“In the early 20th century, today’s scientific methods of wildlife management were a distant dream. Hunting and killing the native predators like wolves and the mountain lion was considered necessary. It was thought that controlling the predator population not only protected livestock and decreased the likelihood of attacks on humans but increased the population of deer and elk for hunters.
In 1915 a bounty was offered for the big cat. The bounty was $20 for a male and an extra $5 was paid for a female. In some southern counties where the lion problem was perceived to be more serious, the bounty was sometimes twice as much.
A man named Jay Bruce, recovering from a recent business failing, decided to take advantage of the opportunity. With his two good hunting dogs, he would drive as far as the truck would take them, and then let the dogs out. The sound of his yapping dogs would change when they had spotted their prey and Bruce would know that they had something.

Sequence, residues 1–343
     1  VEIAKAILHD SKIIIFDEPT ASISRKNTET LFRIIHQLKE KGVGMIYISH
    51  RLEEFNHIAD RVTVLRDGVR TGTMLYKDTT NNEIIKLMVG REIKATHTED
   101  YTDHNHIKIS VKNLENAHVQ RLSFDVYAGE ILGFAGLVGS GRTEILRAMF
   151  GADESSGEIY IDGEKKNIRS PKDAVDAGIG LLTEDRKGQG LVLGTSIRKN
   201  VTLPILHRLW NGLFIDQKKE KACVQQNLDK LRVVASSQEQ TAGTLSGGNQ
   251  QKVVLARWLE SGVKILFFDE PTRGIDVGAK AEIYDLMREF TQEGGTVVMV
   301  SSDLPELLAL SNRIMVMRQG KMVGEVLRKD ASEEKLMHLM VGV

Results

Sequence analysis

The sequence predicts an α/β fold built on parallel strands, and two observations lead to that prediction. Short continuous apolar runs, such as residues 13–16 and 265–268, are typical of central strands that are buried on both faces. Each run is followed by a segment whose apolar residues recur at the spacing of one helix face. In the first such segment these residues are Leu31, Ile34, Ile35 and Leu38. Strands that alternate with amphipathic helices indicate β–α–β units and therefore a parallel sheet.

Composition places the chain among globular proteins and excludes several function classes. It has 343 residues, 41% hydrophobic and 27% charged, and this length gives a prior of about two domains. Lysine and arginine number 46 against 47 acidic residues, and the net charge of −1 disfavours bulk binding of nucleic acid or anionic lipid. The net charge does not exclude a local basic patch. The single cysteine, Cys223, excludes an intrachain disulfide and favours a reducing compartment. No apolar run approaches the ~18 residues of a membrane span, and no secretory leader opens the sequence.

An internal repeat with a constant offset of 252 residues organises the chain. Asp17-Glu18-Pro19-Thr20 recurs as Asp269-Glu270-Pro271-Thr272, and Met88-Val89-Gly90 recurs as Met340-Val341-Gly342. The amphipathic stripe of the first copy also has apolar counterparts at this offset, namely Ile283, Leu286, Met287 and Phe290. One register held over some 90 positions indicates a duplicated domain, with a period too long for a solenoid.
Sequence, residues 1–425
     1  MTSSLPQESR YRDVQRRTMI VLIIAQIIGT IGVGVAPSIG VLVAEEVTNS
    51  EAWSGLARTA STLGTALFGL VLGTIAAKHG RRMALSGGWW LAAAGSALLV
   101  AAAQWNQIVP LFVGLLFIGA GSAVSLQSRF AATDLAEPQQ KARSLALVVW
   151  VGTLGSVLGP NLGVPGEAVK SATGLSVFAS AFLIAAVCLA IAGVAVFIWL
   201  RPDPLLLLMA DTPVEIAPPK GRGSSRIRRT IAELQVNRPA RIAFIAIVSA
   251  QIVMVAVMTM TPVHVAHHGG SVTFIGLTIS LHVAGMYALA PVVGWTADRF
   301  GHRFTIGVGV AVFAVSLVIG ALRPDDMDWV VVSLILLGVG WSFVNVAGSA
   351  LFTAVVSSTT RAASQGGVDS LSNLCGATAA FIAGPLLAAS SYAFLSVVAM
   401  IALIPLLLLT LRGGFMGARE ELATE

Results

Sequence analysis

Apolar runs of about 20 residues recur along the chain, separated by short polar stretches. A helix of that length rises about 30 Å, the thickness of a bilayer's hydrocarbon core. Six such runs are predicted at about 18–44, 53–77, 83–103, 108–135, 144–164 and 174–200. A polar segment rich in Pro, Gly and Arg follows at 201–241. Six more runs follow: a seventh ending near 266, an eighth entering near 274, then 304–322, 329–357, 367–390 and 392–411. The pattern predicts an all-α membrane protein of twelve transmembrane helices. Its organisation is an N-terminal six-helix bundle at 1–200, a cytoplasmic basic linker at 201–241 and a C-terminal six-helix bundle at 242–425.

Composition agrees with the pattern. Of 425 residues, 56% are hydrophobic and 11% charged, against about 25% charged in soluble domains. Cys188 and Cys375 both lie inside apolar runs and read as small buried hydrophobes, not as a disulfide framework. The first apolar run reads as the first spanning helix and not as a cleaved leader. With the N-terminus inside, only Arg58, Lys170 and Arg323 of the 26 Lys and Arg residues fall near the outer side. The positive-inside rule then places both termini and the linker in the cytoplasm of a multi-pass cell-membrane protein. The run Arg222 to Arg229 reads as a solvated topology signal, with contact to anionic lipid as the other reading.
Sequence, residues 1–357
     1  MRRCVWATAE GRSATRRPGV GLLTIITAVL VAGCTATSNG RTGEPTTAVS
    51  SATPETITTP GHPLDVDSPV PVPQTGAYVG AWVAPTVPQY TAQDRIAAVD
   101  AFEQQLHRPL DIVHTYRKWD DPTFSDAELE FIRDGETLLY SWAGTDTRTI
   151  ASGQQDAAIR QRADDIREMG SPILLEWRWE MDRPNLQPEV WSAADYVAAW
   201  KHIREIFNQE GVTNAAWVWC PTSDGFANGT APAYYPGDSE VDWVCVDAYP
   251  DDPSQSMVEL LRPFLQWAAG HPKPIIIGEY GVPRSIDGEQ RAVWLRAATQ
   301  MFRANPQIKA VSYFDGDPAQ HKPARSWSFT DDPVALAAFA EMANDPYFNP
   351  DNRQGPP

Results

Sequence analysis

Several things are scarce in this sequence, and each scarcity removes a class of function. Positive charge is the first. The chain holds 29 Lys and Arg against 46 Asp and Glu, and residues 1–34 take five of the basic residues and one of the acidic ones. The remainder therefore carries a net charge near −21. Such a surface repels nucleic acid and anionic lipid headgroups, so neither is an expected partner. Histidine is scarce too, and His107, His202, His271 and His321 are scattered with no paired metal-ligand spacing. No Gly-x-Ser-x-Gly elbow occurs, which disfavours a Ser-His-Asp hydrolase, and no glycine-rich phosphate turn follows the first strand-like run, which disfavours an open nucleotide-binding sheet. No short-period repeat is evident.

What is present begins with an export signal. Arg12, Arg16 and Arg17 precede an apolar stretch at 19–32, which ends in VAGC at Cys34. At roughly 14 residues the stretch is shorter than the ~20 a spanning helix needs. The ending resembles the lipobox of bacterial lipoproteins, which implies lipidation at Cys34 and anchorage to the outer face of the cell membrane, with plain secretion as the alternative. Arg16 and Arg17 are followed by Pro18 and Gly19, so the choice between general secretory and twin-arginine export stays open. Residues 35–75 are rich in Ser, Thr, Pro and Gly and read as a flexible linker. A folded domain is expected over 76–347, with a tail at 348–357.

He was so successful as a cougar hunter, that the California Fish and Game Commission became aware of him. In 1918 he became the first State Mountain Lion hunter. He was responsible for hunting throughout the state where ever cougar activity was suspected. In this new position he was paid $25 per week, plus the going rate for bounties as well as being allowed to keep and sell the pelts.
He eventually became such a celebrity that he was asked to be a regular contributor of the stories of his hunts for both Field and Stream and Outdoor Life magazines.
After 30 years with the Fish and Game Commission, he retired. As the State Mountain Lion Hunter he had killed 669 mountain lions. In 1953 he wrote what would become a best-selling book, his autobiography entitled ‘Cougar Killer’.”
Slightly better image